Muslims face serious and numerous challenges. Here they are clustered in the following categories: (1) Underdevelopment: There is relative underdevelopment and a continuously growing achievement gap between Muslims and non-Muslims; (2) Existential threat: Frequent violence — lynching and brutal beatings — by Hindu nationalists and the frequent calls for genocide and the community’s destruction; (3) The periodic emergencies: BJP governments regularly destroy Muslims’ homes, and police do the same with Muslims’ property and businesses during riots. Additionally, pandemics, natural disasters and bad policies have a disproportionately devastating impact on them because of their relative poverty and government neglect.
What Can American Muslims Do?
While there are limits to what American Muslims can do, by virtue of their location and resources, they can do a lot. There are a few things they can do, and one thing they must not do.
• Increase awareness. India has a lot of soft power and enjoys a very positive reputation as the world’s largest democracy, the land of Gandhi and nonviolent struggle, and as one of the biggest and fastest growing economies and a technology hub. It also has the world’s largest diaspora, which is very talented and contributes to this image.
Hence it is important to engage with policymakers, media leaders and opinion makers to make them see Hindutva’s danger and threat. Less than 10% of the Indian American diaspora lives in the U.S., and a very small percentage of them are actively engaged with this issue. Thus, Muslim Americans must step up to help them.
• A few Indian Muslim organizations in the U.S. are trying to address the challenges in India. You can help them financially, volunteer and use your sociopolitical capital to strengthen them and their connections to the corridors of influence in the U.S.
The Indian American Muslim Council (IAMC.com) is the largest and most impactful advocacy group. There are others, but IAMC is the most visible and influential one both here and in India. Its members focus on the Hindutva movement.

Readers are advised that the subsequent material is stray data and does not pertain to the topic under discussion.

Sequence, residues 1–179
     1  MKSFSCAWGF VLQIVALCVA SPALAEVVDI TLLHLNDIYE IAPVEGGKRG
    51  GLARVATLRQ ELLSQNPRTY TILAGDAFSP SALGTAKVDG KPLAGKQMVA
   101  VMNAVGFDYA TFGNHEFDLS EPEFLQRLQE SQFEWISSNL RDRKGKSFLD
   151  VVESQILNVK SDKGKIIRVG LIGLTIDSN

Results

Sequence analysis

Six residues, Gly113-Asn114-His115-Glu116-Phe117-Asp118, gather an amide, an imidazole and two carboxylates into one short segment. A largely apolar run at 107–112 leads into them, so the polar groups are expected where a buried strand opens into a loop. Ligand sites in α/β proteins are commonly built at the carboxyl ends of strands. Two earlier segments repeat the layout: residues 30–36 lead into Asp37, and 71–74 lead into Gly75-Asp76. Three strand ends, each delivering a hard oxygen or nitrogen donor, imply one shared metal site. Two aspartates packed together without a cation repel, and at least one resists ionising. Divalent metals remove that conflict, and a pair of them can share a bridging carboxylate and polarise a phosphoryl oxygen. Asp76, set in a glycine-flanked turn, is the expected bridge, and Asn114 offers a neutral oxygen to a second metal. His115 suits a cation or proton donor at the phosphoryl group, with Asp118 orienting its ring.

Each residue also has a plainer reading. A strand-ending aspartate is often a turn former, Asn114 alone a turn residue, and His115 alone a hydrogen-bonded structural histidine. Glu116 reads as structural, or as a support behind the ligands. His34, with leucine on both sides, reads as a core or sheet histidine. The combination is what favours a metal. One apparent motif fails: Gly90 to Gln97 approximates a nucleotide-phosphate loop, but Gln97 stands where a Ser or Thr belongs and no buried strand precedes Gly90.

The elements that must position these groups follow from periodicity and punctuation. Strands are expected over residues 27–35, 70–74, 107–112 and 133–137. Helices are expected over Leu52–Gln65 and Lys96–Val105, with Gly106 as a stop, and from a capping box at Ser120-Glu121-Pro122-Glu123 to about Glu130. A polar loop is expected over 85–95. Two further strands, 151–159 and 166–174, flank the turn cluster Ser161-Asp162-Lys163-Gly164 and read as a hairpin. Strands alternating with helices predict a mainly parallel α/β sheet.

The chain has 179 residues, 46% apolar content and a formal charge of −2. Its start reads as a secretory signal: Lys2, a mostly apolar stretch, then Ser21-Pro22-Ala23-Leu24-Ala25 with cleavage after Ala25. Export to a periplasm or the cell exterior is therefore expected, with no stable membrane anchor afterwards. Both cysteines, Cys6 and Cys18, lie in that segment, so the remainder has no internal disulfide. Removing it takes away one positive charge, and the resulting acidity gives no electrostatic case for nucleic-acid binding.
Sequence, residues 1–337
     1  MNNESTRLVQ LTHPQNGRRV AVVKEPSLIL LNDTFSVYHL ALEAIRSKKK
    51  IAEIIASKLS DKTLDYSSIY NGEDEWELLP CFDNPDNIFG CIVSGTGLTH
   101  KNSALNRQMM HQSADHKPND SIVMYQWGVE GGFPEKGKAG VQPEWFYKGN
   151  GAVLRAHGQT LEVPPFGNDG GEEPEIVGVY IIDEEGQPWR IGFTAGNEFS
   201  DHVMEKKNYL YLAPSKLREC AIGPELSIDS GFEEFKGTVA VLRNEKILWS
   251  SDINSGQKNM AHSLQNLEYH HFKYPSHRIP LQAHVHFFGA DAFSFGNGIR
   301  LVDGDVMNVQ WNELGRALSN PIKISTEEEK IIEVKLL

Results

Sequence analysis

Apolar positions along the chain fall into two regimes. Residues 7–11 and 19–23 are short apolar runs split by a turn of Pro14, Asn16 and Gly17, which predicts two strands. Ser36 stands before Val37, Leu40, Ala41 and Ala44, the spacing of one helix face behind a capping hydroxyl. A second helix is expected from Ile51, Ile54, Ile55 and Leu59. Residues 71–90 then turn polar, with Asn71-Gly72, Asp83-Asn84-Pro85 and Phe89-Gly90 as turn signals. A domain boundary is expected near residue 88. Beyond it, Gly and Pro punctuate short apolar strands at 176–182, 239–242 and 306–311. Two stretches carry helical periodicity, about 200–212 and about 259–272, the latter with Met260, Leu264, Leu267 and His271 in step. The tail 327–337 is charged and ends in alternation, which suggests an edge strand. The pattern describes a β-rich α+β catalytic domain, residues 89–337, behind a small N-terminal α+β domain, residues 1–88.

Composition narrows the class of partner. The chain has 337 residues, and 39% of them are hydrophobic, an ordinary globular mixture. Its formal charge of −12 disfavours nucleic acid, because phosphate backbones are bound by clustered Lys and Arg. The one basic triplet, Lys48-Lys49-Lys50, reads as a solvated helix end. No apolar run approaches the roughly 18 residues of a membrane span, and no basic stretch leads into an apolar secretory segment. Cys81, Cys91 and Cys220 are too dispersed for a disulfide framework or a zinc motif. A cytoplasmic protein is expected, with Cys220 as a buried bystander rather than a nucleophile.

Indian Muslim Relief and Charities (IMRCUSA.org) provides emergency relief and financial assistance to projects that support India’s most vulnerable Muslims. They have spent decades providing this relief and helping Muslims fulfill their religious duties of zakat and udhiya (Eid sacrificial meat). Channeling your charity through IMRC will help them continue this effort.
Another core issue is the community’s relative poverty and underdevelopment. If it were more robust economically and better on the educational achievement parameter, Hindutva’s threat would be less ominous. The long-term solution is to invest in economic development and education. This is not as pressing as it may seem, but it must be addressed thoughtfully.
The U.S. Indian Policy Institute (USIPI.org) and the American Federation of Muslims of Indian Origin (AFMI) are trying to address these issues. However, they are strapped for resources and need an influx of capital to fund their projects. USIPI articulates development policies driven by data and empirical research. AFMI invests in educational initiatives. If you are an education or development expert or scholar, please consider donating money or volunteering.
• A very large and influential Hindu Indian diaspora lives in the U.S. Muslims need to establish a standing dialogue with its members. Both Muslims and Hindus desire a prosperous, democratic and peaceful India. While there is much cooperation with Hindu organizations like Hindus for Human Rights (hindusforhumanrights.org), systematic engagement and a deeper and broader Hindu-Muslim dialogue is needed. Islamic centers and Muslim institutions like ISNA and the Muslim Public Affairs Council can play a role in enabling this dialogue.
What Must We Not Do?
The goal of 200 million Indian Muslims is to live as equal citizens, safe and secure and able to practice their faith freely and take pride in their culture and heritage. They are seeking greater acceptance, not conflict. This is important to keep in mind. Because the current federal government and governments in several key Indian states are part of the Hindutva movement, and thus responsible for the rampant Islamophobia, democracy and religious freedom activists in the U.S. tend to blur the distinction between India and Hindutva political parties.
The message must be clear: We want India to be a secular democracy. We oppose Hindutva, not India or anti-Hinduism.
Indian Muslims seek to live in peace with Indian Hindus with mutual acceptance and respect. American Muslims must not jeopardize this overall goal.
Muqtedar Khan, PhD, professor of Islamic studies and international relations at the University of Delaware, is author of the award-winning “Islam and Good Governance: A Political Philosophy of Ihsan” (Palgrave, 2019). A former president of the Association of Muslim Social Scientists, Dr. Khan is the host of the YouTube show Khanversations. His personal website is www.ijtihad.org, and he tweets @Muqtedarkhan.